The anti-evolution "documentary" Expelled: No Intelligence Allowed (which alerts viewers to its subject matter with its subtitle), opened little more than a week ago. Supporters are claiming that its opening weekend is either "the second largest gross box office receipts on opening weekend of any political documentary ever" and/or it "is now #26 on the all-time box office list of documentaries. Among those documentaries, only Fahrenheit 9/11 and Tupac The Resurection had better opening weekends." Total receipts for the weekend: $3.2 million.
One the movie's shticks is to grill atheist advocates of biological evolution as a way to warn viewers about the corrosive effects on science on religious belief. But are faith and reason incompatible? Not all scientists think so.
The New York Times has a nice profile of evolutionary biologist, National Academy of Sciences member, and former president of the American Association for the Advancement of Science, Francisco Ayala who spends a great deal of time trying to explain evolutionary biology to the public. From the Times profile:
Dr. Ayala, a former Dominican priest, said he told his audiences not just that evolution is a well-corroborated scientific theory, but also that belief in evolution does not rule out belief in God. In fact, he said, evolution "is more consistent with belief in a personal god than intelligent design. If God has designed organisms, he has a lot to account for."
Consider, he said, that at least 20 percent of pregnancies are known to end in spontaneous abortion. If that results from divinely inspired anatomy, Dr. Ayala said, "God is the greatest abortionist of them all."
Or consider, he said, the "sadism" in parasites that live by devouring their hosts, or the mating habits of insects like female midges, tiny flies that fertilize their eggs by consuming their mates' genitals, along with all their other parts.
For the midges, Dr. Ayala said, "it makes evolutionary sense. If you are a male and you have mated, the best thing you can do for your genes is to be eaten." But if God or some other intelligent agent made things this way on purpose, he said, "then he is a sadist, he certainly does odd things and he is a lousy engineer."
That is also the message of his latest book, "Darwin's Gift to Science and Religion" (Joseph Henry Press, 2007). In it, he writes that as a theology student in Spain he had been taught that evolution "provided the 'missing link' in the explanation of evil in the world" — a defense of God's goodness and omnipotence, despite the existence of evil.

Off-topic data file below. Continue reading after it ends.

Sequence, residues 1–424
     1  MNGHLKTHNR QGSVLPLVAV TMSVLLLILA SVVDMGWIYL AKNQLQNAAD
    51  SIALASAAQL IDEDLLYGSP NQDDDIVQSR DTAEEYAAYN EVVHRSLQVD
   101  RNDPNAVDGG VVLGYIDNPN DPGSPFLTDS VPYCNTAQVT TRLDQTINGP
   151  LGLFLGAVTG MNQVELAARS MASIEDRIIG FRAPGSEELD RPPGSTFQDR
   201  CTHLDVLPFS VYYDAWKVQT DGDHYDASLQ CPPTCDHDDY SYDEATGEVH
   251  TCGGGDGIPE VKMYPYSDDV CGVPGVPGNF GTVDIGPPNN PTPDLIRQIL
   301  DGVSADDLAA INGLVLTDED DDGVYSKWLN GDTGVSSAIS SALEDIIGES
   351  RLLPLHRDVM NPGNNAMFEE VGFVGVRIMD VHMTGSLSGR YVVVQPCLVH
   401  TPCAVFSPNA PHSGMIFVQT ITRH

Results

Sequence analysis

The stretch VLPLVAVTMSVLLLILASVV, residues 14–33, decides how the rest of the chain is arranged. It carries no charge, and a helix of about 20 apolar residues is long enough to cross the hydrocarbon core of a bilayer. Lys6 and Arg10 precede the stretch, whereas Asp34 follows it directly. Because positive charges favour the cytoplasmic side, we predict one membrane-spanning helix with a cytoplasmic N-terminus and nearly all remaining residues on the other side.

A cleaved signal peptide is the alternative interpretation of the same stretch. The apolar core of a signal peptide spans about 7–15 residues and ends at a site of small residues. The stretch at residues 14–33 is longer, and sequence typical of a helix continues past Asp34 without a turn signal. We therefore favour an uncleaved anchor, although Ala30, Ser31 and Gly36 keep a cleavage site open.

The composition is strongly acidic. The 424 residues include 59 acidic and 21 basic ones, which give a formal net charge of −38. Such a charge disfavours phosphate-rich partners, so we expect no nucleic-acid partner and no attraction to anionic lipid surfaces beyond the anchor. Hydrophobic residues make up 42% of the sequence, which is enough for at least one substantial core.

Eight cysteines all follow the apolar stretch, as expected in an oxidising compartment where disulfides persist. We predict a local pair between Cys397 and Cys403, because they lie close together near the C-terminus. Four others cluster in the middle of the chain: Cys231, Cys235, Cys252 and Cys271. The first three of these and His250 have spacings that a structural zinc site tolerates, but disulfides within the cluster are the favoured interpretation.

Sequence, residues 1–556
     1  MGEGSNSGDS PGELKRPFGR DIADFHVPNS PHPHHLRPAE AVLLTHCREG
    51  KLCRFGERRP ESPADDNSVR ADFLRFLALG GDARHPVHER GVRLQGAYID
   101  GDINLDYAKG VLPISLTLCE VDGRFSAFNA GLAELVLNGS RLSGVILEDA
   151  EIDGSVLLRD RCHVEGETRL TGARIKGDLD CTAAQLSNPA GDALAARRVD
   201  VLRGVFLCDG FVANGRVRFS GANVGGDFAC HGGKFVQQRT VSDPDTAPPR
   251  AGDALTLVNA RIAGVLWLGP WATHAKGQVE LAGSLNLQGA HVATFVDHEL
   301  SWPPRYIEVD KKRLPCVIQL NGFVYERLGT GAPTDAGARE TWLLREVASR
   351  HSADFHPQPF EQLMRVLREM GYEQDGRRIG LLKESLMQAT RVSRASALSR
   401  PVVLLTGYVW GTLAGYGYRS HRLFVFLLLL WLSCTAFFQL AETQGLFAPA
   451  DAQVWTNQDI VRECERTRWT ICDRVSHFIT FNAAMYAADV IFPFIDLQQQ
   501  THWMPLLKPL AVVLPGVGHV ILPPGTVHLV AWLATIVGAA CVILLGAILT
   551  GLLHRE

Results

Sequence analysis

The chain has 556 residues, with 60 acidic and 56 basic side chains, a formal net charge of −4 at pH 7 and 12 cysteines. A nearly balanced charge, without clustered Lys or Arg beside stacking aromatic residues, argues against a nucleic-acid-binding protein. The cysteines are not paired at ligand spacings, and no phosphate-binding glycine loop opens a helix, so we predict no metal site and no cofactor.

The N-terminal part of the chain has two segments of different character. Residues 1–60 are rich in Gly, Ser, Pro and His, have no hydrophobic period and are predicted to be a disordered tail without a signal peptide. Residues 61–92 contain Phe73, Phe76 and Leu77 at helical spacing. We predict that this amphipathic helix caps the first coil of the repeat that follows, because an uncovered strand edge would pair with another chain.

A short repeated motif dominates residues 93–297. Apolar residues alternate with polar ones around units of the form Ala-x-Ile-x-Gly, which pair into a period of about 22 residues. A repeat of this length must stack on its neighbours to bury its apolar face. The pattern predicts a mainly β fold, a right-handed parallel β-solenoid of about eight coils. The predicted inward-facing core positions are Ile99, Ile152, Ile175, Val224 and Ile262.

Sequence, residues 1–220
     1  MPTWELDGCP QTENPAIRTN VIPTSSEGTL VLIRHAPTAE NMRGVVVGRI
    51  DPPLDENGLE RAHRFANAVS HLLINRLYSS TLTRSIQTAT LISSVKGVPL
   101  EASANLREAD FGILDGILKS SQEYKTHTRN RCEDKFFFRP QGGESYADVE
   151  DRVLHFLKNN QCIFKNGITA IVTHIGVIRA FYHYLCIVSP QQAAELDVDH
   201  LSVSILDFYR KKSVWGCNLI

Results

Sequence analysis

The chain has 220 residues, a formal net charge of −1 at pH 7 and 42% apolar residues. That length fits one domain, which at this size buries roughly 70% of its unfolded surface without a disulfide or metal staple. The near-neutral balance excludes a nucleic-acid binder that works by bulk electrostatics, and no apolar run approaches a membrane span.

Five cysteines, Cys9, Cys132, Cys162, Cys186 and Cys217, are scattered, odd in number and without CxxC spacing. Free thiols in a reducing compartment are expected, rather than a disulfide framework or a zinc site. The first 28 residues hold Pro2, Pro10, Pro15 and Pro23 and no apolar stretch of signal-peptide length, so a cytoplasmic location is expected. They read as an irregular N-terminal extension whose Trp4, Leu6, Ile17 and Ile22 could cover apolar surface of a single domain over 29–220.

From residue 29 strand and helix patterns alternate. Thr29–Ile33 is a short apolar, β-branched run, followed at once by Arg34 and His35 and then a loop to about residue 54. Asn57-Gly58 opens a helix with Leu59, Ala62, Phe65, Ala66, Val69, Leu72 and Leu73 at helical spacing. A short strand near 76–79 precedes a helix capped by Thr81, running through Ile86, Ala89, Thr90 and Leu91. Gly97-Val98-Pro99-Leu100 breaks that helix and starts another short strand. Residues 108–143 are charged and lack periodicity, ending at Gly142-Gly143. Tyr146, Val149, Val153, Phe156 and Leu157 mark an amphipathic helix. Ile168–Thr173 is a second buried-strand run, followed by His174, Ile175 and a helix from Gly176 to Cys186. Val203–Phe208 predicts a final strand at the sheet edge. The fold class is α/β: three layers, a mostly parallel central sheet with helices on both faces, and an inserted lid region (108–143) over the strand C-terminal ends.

"As floods and drought were a necessary consequence of the fabric of the physical world, predators and parasites, dysfunctions and diseases were a consequence of the evolution of life," he writes. "They were not a result of a deficient or malevolent design."
Despite his religious training, the Times notes:
Dr. Ayala will not say whether he remains a religious believer.
Addendum: Charles Darwin was also troubled by the cruelty of nature. He cited the example of the ichneumon wasp which paralyzes caterpillars live and lays its eggs in them. Its offspring then dine off the tasty live caterpillars as they mature. In his 1860 letter to Asa Gray, Darwin wrote:
"With respect to the theological view of the question: This is always painful to me. I am bewildered. I had no intention to write atheistically, but I own that I cannot see as plainly as others do, and as I should wish to do, evidence of design and beneficence on all sides of us. There seems to me too much misery in the world. I cannot persuade myself that a beneficent and omnipotent God would have designedly created the Ichneumonidae with the express intention of their feeding within the living bodies of caterpillars or that a cat should play with mice… On the other hand, I cannot anyhow be contented to view this wonderful universe, and especially the nature of man, and to conclude that everything is the result of brute force. I am inclined to look at everything as resulting from designed laws, with the details, whether good or bad, left to the working out of what we may call chance."